Q. What associations or professional groups do you recommend to your students?
A. The American Dental Assisting Association. The way it is set up, when students join as a member of the ADAA they actually get three memberships in one. They get membership to the ADAA, to their (state) dental assisting association, and to their local dental assisting association. That way they get more bang for their buck.
Q. Do you recommend any books or blogs to your students to help them learn about dental assisting?
A. The only thing outside of textbooks is a dental assisting magazine, The Dental Assistant Journal It is a bi-monthly magazine.
Q. Do you have any experience incorporating newer educational technologies into your courses?
A. We do, within the actual didactic lessons. We have Smart Boards that we use, and we also have our "clickers." If the instructor is using PowerPoint, the instructor can interject questions into that PowerPoint so that during the lecture there is review.
Students use the clickers to anonymously answer questions, and the instructor can show the answer and see how many people got it right. Students have the safety of answering without having to raise their hand or be put on the spot. We have gotten really great feedback from students. We also use a lot of great interactive online resources from the publisher that help, especially with anatomy or radiology where there is a lot of labeling and identifying.
Q. From your own experience, what are some fundamental characteristics a student must possess to achieve success in the program?
A. They definitely need to be outgoing and people persons. They also have to have a very high level of professionalism. We are dealing with a wide range of patients of all different ethnicities and cultures, and they really have to have a high way of carrying themselves. Patients are looking to you for their care and health. You also need to have compassion and empathy for patients, as well as understanding. We have patients that have not been to a dentist for 30 years. We need to have the compassion to say, "It doesn't matter; you are here today and that is all that matters."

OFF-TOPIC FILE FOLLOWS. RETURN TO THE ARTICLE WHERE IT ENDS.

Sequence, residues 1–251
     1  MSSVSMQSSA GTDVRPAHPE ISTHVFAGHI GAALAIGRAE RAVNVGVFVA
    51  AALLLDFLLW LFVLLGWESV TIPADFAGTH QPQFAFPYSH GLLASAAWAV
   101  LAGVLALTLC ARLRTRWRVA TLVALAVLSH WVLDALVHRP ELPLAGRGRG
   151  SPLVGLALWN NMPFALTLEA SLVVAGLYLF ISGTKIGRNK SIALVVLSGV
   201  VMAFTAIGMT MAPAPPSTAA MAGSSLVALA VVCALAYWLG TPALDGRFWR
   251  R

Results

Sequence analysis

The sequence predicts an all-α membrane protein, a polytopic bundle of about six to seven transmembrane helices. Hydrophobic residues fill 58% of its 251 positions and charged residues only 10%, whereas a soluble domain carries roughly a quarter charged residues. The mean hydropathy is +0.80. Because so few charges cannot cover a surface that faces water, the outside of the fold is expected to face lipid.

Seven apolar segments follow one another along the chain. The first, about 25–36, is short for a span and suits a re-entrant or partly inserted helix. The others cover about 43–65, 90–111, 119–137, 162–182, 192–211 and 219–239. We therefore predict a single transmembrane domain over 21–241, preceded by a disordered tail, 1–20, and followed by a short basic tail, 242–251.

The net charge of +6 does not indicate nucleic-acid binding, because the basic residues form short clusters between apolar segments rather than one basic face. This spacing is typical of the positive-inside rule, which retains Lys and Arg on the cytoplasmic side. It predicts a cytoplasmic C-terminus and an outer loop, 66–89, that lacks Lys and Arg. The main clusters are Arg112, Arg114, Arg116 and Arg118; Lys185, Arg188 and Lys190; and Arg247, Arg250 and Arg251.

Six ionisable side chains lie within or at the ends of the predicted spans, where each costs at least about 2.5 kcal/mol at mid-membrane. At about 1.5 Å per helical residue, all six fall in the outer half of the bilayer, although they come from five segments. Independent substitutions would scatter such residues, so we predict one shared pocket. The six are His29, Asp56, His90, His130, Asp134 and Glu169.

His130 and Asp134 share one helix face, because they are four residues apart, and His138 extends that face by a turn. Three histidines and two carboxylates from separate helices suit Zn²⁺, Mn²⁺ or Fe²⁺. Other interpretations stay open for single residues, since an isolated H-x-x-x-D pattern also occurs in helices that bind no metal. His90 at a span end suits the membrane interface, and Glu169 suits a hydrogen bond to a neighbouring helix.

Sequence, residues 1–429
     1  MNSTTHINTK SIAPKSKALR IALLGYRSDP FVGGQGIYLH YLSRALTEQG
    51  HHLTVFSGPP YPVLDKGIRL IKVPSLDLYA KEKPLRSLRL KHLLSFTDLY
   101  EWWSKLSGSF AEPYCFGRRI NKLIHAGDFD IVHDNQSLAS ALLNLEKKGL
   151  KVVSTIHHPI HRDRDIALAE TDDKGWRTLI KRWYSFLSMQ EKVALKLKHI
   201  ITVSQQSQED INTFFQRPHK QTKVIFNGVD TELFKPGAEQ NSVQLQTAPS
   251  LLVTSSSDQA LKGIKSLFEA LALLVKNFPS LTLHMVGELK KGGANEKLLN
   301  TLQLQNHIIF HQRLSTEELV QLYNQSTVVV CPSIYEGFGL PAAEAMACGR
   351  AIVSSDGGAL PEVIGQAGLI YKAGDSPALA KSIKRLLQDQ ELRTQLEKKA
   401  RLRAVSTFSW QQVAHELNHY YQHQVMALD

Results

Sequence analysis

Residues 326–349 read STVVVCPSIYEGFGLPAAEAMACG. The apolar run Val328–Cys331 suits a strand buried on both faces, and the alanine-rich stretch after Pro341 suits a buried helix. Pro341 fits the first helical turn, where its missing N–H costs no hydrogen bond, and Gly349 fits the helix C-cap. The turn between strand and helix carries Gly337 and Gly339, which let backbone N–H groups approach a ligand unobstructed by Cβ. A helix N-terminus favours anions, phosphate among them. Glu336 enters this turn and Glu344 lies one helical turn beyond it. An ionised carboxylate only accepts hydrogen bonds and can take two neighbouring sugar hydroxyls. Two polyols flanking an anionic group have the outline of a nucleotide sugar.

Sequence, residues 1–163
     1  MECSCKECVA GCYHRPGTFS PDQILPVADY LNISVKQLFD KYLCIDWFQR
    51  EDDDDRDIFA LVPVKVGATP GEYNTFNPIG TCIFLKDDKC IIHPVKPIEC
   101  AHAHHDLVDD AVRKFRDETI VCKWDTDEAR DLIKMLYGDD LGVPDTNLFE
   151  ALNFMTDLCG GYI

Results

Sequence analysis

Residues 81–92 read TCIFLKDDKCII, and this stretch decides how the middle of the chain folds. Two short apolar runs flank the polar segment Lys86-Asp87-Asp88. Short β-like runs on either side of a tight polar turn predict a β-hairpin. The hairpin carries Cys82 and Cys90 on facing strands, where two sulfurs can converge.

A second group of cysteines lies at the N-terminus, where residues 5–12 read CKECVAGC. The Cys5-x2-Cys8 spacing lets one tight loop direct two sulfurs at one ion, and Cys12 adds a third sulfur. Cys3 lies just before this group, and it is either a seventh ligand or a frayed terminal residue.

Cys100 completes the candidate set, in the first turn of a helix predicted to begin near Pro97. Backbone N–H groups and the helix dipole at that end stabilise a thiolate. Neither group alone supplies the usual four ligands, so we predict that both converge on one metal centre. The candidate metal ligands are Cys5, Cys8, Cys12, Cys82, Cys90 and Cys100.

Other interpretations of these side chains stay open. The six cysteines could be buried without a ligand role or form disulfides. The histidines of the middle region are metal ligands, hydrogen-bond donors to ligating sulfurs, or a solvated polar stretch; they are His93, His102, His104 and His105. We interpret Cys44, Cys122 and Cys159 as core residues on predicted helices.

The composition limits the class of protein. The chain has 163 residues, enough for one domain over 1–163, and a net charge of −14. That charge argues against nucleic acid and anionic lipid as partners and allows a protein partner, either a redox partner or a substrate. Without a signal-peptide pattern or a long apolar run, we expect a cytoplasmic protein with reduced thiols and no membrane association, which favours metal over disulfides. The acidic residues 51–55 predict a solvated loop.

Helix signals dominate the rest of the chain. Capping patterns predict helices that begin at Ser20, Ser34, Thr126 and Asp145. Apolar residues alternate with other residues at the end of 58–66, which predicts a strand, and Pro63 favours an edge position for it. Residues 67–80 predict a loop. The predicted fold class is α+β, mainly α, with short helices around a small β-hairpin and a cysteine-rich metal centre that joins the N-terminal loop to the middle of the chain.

Q. What real-world experience do students get during school? Do they practice on real patients?
A. Students do an externship program. They spend six months in-house in lecture and labs learning the materials -- the program is nine months -- and the last three months are all out in the field. Students go to two offices, and they will be at those offices full-time working as dental assistants so by the time they are eligible for employment they will have three months of experience under their belt in addition to any volunteering they would have done.
They also will do different clinics on campus, like bleaching clinics or radiology clinics on live patients. We also do pediatrics and allow all of our students to bring their children in. It helps so the kids aren't scared of going to the dentist. All of those are areas where students get real-world experience.
Q. What is your outlook on the future of dental assisting?
A. The outlook is very promising; dental assisting has been an in-demand field for quite some time. It is always a necessity. Also in our field we have seen the medical and dental fields combine, where before they were always looked at as two separate entities. If people are not going to the dentist and they have oral health care problems it could affect them (medically). Our field is very, very promising because of that fact.
Also, dental assistants are the heart of the practice. When you make an appointment, it is a dental assistant that you talk to. When you have questions about insurance, or the person who does your X-rays or takes you back to room or sterilizes the instruments -- all of those duties are performed by a dental assist.
Q. What advice would you give students who are thinking about going into this field?
A. Go shadow in an office to really see what you will be doing. Look at different schools and see what the best fit is for you. Also, you should really take a look at yourself and see what characteristics you bring to the field.
Please note: Unless explicitly stated otherwise, any job outlook predictions, career/educational advice, and salary information found on this page are based solely on the opinion of the interviewee and not that of CareerColleges.com or any other organization.